+ Bring Back My Goblin To Me
The story follows directly after last issue: Aunt May hasn't had time to put the costume in the trash can. Peter eats breakfast and heads straight to the Bugle before school; he must go to the costume shop after school has finished. (Either Jameson works very long hours, or Parker gets to the office after the night shift is coming to an end.) All the other events are said to happen "minutes" after each other. Peter tells Aunt May he has no school the next day. The action of the story must take place between 3.30PM and early evening on the last Friday before graduation.
26/2 Parker has ditched his red pajamas, and now seems to be sleeping in his trousers and a white t-shirt.
The Beatles were touring the USA in the summer of ‘65, still sporting their “mop top” haircuts.
26/2 “It could only happen to me!”
Is Aunt May under the impression that Peter is going to walk all the way to Madison Avenue, or does she think that buses are drier than subways?
In 1954 a Brooklyn Halloween costume company is known to have been selling costumes which looked a little bit like Ditko’s iconic Spider-suit. In 1964, Marvel licensed the same company to make official Spider-Man Halloween costumes - the first piece of Marvel Comics merchandising. Was Ditko obliquely referencing this by showing Spidey suits on sale in a costume shop?
There is also a Green Goblin mask on display.
Actually, Frankenstein is the name of the scientist who created the monster, not the monster itself.
“It sure feels good to be back in action again! I feel like an eagle that’s been let out of a cage! I might as well face it… Being Spider-Man is just plain habit forming! It’s like going out with girls…I can’t give it up!”
It is no more than twelve hours -- or nine pages -- since Peter Parker last went into action, but from the reader’s perspective a whole month has past. In issue #18 being Spider-Man was a matter of fate, or destiny; here it is an addiction. Parker comes close to admitting that there is something sexual about it — at any rate, that it’s to do with adulthood and manliness.
26/19 “Now, while you are still groggy, I’ll finish you with one carefully thrown stun-bomb!”
Spider-Man was not knocked out with gas, but with the Green Goblin's stun-bomb.
Everloving is a generic intensifier (c.f “Ever-lovin’ blue-eye Thing!”) It may originally have been a circumlocution for God (”the Ever Loving Father”) or more vulgarly a euphemism for motherfucking.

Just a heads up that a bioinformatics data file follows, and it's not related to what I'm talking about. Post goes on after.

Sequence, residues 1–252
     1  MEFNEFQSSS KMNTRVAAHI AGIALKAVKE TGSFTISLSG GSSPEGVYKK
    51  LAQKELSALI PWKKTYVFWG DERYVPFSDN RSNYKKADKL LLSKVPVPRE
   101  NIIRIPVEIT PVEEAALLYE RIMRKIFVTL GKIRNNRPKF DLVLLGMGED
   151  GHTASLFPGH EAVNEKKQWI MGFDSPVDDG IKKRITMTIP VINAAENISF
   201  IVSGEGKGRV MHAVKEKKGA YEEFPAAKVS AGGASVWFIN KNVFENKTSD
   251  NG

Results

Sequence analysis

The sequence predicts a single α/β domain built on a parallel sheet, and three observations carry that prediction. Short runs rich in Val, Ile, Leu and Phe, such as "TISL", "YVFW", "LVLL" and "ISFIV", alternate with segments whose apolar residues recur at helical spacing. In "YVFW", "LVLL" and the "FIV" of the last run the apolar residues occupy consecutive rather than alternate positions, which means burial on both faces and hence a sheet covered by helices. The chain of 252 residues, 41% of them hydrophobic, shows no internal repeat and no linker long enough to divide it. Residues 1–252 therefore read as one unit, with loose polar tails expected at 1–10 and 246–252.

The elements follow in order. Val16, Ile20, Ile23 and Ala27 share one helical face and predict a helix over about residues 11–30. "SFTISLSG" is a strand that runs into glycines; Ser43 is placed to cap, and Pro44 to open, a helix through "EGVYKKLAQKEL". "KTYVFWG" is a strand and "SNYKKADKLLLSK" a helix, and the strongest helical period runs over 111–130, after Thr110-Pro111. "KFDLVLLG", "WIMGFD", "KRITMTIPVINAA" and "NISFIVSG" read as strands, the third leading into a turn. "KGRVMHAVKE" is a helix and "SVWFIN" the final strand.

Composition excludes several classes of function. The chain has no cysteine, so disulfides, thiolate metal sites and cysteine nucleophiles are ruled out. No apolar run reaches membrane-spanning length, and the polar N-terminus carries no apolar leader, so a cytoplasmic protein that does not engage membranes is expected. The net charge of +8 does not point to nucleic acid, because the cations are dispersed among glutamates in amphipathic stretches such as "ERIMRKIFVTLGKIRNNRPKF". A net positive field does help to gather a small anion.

Once again, Spider-Man regards a very specific situation as evidence that the universe is out to get him. On the next page, when the police arrive (because they have been tipped off by Patch) the narrator tells us that this is “the stroke of luck that Spider-Man had hoped for".
(”Oh, but Andrew: if Peter is Jewish, as you keep saying, why would he quote the King James version of the Bible?"
"Because the standard Jewish Publication Society English translation of the Tankah followed the American Standard Bible very closely, which in turn generally followed the Authorized version.")
As a matter of fact, Peter saw Betty only this morning, and they shouted at each other.
Elizabeth Taylor and Richard Burton's Sandpiper came out in the spring of 1965, so maybe that's what May and Peter go and see. It could conceivably have made Aunt May cry, but it is by no means a remake.
|Final page, Amazing Spider-Man 26: |
note awkward placement of caption.
|First page of Amazing Spider-Man #27: |
note stiff poses.
|Splash page, |
Amazing Spider-Man #24
|Amazing Spider-Man 26 (panel 7 page 2)|
note use of fore, middle and background.
The unmasking of the Crime Master is done according to Ditko’s model. It isn't quite true to say that he is “no-one important” or “just some guy”. We are told that Lucky Lewis is a powerful and infamous gangster. It’s just that neither Lee nor Ditko has bothered to put him in the story up to now. It would have been a much bigger cheat, and a much bigger disappointment, if Spider-Man had pulled off the Crime Master's mask and discovered that he was, say, Liz Allan. That kind of thing is just a cheap way of creating the appearance of a clever twist without going to the trouble of setting up a clever puzzle; of giving your villain an importance he hasn't earned. (A decade later, Gerry Conway "revealed" that the Jackal was in fact Peter Parker's old science teacher Prof. Warren. It didn't make him any more interesting.)
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Amazing Spider-Man was written and drawn by Stan Lee and Steve Ditko and is copyright Marvel Comics. All quotes and illustrations are use for the purpose of criticism under the principle of fair dealing and fair use, and remain the property of the copywriter holder.
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